The United Nations prepares to blow out 75 candles
Geneva, 22 October 2020 – The Palais des Nations and the Jet d'eau in Geneva, as well as the Olympic Museum in Lausanne, will be among more than 180 emblematic buildings and monuments in Europe to be illuminated in blue on the evening of Saturday, 24 October to celebrate the 75th anniversary of the United Nations (UN).
From the Torre de Belém in Lisbon, the Grand Place in Brussels or the Peace Palace in The Hague, and the bridges crossing Turin’s Po river as well as the town halls of Madrid, Barcelona and Valladolid, buildings, fountains and plazas across Europe will be flooded in blue to mark the day when, 75 years ago, the United Nations Charter came into force. (See full list of participating cities.)
With 193 Member States, including Switzerland which joined in 2002, the United Nations has spanned the decades helping millions of people to escape the yoke of poverty, gain access to education and health, have their fundamental rights respected, and enjoy better livelihoods thanks to the adoption of instruments such as the 2030 Agenda and the Sustainable Development Goals. It also helped the world avoid a third world conflict - the main reason it was created - and remain relatively peaceful.
Recognizing the many strides the Organization has made over the years, UN Secretary-General António Guterres says “our founding mission is more critical than ever."
As we face the COVID-19 pandemic and the many challenges stressing our planet, “the Sustainable Development Goals give us an inspiring blueprint for recovering better,” he adds.
“We face colossal challenges. With global solidarity and cooperation, we can overcome them. That’s what the United Nations is all about. The United Nations not only stands with you… The United Nations belongs to you and is you: ‘we the peoples’.”
A survey conducted throughout the year to assess people’s perception of the UN shows that six out of 10 respondents believe the United Nations, since its inception, has made our planet a better place. Also, 87 per cent of respondents believe cooperation and solidarity at the international level are essential ingredients to effectively face today’s global challenges.
The full results of the survey, answered by more than one million people, were presented at the General Assembly in September to help the Organization shape a vision for the future and better face the challenges of tomorrow.
“People also said they wanted the UN to be more inclusive and diverse, more transparent, accountable and efficient,” says Tatiana Valovaya, Director-General of UN Geneva. "We will have to redouble our efforts to maintain or gain the trust and esteem of our audiences."
“The UN Geneva, International Geneva and Switzerland have carved out a reputation for themselves as places where exchanges and discussions can take place in the greatest confidence and neutrality,” she adds. "We will continue, thanks to the diversity of actors there, to stimulate international cooperation and strengthen multilateralism, which is currently in an important phase of transition."
Virtual event on multilateralism
To close the global discussion launched by the UN Secretary-General as part of the UN’s 75th anniversary celebrations, UN Geneva is today holding a third and final virtual discussion - COVID-19 prevailing - on the theme "The future of multilateralism: how will global cooperation evolve in the 21st century?"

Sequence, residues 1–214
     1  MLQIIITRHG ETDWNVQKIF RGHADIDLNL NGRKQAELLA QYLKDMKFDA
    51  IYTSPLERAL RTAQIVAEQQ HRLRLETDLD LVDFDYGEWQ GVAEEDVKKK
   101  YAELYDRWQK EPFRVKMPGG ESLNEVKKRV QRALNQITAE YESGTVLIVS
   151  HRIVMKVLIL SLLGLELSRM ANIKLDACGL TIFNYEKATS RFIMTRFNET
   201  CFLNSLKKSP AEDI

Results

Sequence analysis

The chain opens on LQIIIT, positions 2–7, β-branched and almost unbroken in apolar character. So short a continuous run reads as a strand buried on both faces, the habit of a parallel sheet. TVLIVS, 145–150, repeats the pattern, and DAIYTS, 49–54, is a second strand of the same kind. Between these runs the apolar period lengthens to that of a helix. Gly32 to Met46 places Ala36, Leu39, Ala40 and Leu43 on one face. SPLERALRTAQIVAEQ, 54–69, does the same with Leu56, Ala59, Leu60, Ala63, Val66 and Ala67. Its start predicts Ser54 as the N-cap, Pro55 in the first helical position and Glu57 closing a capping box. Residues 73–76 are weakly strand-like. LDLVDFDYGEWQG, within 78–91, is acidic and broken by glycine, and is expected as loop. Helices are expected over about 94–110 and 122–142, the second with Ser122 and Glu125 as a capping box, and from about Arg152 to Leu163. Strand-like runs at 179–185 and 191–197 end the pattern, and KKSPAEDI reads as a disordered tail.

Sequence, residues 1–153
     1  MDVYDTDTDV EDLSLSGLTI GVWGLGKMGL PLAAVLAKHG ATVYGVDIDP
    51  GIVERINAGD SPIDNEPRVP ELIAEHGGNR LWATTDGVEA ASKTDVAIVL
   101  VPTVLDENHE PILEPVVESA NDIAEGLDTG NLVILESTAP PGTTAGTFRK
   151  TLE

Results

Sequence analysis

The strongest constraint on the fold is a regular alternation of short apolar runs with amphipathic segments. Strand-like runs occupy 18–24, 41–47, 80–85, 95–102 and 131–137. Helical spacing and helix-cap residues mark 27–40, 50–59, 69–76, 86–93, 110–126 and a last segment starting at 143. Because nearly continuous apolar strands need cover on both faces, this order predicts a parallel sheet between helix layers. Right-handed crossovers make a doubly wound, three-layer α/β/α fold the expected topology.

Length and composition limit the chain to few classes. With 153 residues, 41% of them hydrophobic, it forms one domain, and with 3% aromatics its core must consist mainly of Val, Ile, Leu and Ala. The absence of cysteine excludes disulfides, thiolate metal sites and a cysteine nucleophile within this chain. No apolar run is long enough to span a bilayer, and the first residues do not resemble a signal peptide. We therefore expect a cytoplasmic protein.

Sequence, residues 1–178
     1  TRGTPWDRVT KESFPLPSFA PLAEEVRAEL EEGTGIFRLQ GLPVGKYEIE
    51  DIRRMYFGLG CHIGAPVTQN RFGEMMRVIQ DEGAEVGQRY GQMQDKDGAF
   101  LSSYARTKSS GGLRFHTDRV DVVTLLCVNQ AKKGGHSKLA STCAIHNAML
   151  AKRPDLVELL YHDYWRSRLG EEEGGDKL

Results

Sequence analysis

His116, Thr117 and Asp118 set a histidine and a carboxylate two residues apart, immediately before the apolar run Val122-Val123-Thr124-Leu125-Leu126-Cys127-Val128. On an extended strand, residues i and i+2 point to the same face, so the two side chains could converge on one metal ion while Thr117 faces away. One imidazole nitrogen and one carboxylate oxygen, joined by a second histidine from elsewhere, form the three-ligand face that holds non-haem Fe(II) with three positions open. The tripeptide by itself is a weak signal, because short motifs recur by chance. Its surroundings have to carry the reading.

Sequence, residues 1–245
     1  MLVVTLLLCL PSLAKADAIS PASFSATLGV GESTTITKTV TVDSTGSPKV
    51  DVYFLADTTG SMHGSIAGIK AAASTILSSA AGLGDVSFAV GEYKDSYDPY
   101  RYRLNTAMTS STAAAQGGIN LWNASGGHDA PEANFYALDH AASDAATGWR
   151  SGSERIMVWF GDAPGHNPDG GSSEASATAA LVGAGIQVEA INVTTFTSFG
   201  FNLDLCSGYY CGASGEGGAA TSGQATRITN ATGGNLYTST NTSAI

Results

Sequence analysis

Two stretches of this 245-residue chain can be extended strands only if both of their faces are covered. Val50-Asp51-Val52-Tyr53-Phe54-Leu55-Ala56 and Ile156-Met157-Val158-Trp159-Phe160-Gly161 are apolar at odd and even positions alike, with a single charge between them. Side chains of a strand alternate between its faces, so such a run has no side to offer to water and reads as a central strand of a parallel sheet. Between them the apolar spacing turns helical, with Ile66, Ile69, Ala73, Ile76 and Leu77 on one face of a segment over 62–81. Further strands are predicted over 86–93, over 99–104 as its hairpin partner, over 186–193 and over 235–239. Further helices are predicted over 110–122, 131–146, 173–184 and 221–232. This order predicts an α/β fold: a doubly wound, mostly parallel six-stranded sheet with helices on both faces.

This afternoon Ms. Valovaya will join Mary Robinson, former President of Ireland and United Nations High Commissioner for Human Rights, and Fabrizio Hochschild, Special Adviser to the Secretary-General on the 75th anniversary of the UN, for the event to be broadcast live on webtv.un.org from 3:30 p.m. Professors Patricia Clavin, from the University of Oxford, Souleymane Bachir Diagne, from Columbia University, and Carlos Lopes, from the University of Cape Town, as well as young people like Tarik Lazouni, Swiss Youth Representative to the United Nations and Radha Kulkarni, Young UN representative, will also send messages to the panellists.
Other events in Geneva on the 75th anniversary of the UN
• Until October 30, the Geneva public can visit the exhibition "100 years of multilateralism in Geneva" at the Place des Nations. Composed of 18 double-sided panels, this bilingual exhibition retraces the main stages of international cooperation in Geneva and the successes it has achieved through historic photos and original contemporary visuals. (Read the press release ).
• To show their pride in being part of the UN and the diversity they represent, some 1,000 members of the staff of the UN community in Geneva, active and former, sent their photos for the creation of a photomosaic of the Palais des Nations, seat of the United Nations Office at Geneva. This photo will be unveiled at midnight on Saturday, 24 October on the home page of the UN Geneva website and will be shared on social media.
• A special issue of the weekly UN Info Geneva news bulletin will be online at www.ungeneva.org from Friday morning 23 October. In addition to evoking the 75 years of the UN and the 100 years of multilateralism in Geneva, the program will meet the people of Geneva, who will express themselves on what should be, according to them, the priorities of the UN. In the studio, representatives of International Geneva will react to the comments.
• Following the international art competition "The Future We Want", an exhibition of works presented by the Permanent Missions to the United Nations will take place at the Palais des Nations from 22 October to 12 November. This exhibition will be open to a wider audience from 17 November at the D10 art gallery in Geneva.
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